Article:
So I knew that this fact was going to be acknowledged. In fact we had a bit planned where the Whales would come interrupt our show and complain that none of us had been there for the full 20 years, and then my puppet “You” would show up and explain that I had! And that happened. But then something surprising happened after that.
My brother brought out a box and from it drew forth an award. An actual award that had been made just for me… and it lights up!
20 Years Full Time Performing
And then the over-packed audience full of friends and loved ones gave me a for-real standing ovation. Holy crap:
It was a very moving moment. I gave a speech. A surprisingly, honestly heartfelt speech! I transcribe it for you here:
Me: This is really awesome.
A lot of people have asked me over the years why I’ve done this every saturday night for more than half my life. I don’t know what idiot put a 15 year old kid on stage, but I think he’s somewhere around…
Ed: [Pointing at Howard] He’s here…
Me: He’s here! But I am eternally grateful.
Y’know, there’s many other things that potentially one could do on a Saturday night. But I don’t know why. Because this is, look around here. I met my wife by doing Fools Play. This audience is full of my friends and loved ones, and it’s just an amazing thing.
And, uh, this is actually heartfelt. Weird.
But it’s more than just a social thing for me. I heard a long time ago, I don’t remember who said it, but there’s a phrase that goes, “Happiness is an organism doing its intended purpose efficiently.” And I’m one of those rare people who know, I know what makes me happy.
What makes me happy is entertaining people.
Whether, you know, I have a blog that I update every once in a while. I write music. But Fools Play is so immediate. I get up on a stage in front of people and make them laugh. And it’s a huge, huge source of happiness for me.
And that’s really the reason that I’ve been doing this for 20 years, is because Fools Play is happiness for me. And I don’t see why it’s weird to do that for 20 years.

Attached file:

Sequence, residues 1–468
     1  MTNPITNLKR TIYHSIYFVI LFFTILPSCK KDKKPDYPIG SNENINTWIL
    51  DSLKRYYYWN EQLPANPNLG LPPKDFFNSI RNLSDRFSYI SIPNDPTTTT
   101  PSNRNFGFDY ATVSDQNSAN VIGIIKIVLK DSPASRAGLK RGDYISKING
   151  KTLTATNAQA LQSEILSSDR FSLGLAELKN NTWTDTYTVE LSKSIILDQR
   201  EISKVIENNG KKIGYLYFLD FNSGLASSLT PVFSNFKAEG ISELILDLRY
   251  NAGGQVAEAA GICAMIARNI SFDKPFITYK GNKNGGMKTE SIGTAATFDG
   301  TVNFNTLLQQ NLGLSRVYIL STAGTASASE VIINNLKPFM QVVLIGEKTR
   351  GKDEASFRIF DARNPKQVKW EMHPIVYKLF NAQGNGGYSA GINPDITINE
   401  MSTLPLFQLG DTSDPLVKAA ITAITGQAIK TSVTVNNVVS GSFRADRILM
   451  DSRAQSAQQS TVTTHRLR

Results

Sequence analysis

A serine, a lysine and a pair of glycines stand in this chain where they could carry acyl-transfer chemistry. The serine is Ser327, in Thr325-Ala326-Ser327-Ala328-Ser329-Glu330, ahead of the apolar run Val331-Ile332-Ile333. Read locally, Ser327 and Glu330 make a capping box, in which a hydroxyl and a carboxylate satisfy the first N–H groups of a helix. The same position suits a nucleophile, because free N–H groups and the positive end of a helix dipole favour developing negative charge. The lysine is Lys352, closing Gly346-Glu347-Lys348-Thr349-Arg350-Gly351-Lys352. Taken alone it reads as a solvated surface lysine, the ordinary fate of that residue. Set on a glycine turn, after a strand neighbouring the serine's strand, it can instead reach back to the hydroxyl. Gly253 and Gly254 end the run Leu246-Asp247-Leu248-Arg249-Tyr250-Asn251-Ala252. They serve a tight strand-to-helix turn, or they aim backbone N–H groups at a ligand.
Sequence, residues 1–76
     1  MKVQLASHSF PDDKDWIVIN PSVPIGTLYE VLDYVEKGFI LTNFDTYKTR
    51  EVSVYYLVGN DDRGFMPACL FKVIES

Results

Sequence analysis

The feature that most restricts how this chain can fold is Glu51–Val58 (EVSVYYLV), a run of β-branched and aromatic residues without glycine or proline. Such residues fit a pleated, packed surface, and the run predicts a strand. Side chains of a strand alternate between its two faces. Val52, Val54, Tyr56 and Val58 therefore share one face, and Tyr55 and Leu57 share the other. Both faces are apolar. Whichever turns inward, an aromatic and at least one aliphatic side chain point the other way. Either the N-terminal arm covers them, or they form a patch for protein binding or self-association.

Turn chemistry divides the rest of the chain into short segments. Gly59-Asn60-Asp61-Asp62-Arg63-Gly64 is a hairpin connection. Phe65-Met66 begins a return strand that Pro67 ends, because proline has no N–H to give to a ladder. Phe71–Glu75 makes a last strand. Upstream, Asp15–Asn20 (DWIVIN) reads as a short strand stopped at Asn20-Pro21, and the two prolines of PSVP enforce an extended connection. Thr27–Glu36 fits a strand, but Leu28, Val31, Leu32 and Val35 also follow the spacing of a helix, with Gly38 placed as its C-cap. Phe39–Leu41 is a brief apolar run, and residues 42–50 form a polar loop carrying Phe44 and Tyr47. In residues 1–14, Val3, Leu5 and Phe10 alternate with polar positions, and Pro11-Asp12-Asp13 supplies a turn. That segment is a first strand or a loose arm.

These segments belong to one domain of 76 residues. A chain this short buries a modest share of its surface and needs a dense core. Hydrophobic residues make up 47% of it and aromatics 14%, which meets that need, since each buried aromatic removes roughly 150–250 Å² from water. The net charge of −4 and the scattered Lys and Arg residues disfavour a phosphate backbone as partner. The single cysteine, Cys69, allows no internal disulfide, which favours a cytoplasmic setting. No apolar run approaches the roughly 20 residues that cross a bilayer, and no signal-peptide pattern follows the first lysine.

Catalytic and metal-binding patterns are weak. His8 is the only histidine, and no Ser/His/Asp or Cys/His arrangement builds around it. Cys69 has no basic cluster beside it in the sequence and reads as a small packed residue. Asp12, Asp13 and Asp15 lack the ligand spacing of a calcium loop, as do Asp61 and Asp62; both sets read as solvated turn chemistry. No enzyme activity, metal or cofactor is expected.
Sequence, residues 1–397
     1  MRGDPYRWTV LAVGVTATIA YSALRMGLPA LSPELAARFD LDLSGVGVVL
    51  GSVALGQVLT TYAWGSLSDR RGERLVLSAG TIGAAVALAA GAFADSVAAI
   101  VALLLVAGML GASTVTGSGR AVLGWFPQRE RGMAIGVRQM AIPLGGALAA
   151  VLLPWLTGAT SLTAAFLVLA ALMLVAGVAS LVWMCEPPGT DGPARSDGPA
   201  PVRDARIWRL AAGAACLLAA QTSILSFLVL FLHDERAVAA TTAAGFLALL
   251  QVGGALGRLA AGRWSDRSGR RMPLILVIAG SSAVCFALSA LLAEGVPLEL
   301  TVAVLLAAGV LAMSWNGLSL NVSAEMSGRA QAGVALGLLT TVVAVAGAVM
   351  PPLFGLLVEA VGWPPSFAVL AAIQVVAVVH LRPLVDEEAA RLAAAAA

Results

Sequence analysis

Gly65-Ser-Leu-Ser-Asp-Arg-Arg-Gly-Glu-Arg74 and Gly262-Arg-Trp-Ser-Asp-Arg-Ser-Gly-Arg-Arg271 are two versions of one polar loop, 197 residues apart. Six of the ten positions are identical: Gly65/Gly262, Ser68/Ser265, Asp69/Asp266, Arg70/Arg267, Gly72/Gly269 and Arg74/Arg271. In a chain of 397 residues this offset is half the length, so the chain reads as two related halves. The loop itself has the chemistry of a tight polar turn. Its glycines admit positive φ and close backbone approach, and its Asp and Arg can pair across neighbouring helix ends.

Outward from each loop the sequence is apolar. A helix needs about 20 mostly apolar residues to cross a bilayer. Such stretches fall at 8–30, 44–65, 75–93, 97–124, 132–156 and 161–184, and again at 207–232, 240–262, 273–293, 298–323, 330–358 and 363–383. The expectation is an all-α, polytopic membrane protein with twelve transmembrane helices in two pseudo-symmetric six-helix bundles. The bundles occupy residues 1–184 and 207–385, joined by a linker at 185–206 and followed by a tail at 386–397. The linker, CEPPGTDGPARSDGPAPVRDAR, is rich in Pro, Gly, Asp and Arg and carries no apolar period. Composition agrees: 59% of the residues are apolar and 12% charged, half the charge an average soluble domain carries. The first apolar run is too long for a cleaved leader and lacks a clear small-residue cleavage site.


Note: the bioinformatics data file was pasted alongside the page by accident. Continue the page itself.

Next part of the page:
Mike: So chris, would you say that fools play for 20 years, that just isn’t weird?
Me: [In Weird's voice] “That’s not weird.”
So I just want to express my unbelievable gratitude to Fools Play for allowing me to do this for so long. And [to the audience] thank you for allowing me to be happy.
I of course said all of that while a puppet was on my hand. And, yes, I got a plug for this blog in the speech
Seriously, I cannot truly express how grateful I am to have been able to do Fools Play for the past 20 years. Here’s to 20 more.
I’m planning to see Skyfall soon. I’ve mentioned elsewhere on this site that I have an unnatural affection for all things 1960s spy-related, and in particular the James Bond films. I know that a lot of them are pretty crappy, but I just can’t bring myself to care. I kinda heart them and the weird genre they spawned that became its own thing.
So to study up for Skyfall, I really wanted to re-watch some of the Bond flicks. But who has the time? Fortunately, someone has come up with a genius idea. With a little editing, they have created their own James Bond movie out of ALL of the previous James Bond movie. In their own words:
Approximately five minutes from each of the 22 Eon produced James Bond films have been cut together, in order and in sequence, beginning with the first five minutes of DR. NO (1962) followed by minutes 5-10 of FROM RUSSIA WITH LOVE (1963), minutes 10-15 of GOLDFINGER (1964), minutes 15-20 of THUNDERBALL (1965), continuing on through each of the remaining 18 Bond features (accounting for variables in each title’s running time) culminating with the final five minutes of 2008′s QUANTUM OF SOLACE.
The effect is simply astonishing. Even though it makes no literal sense, the sequences flow brilliantly into one another in a sort of surreal, super-distilled way. Some of the transitions are jaw-dropping, especially the switch from On Her Majesty’s Secret Service to Diamonds Are Forever, and the switch from License to Kill to Goldeneye.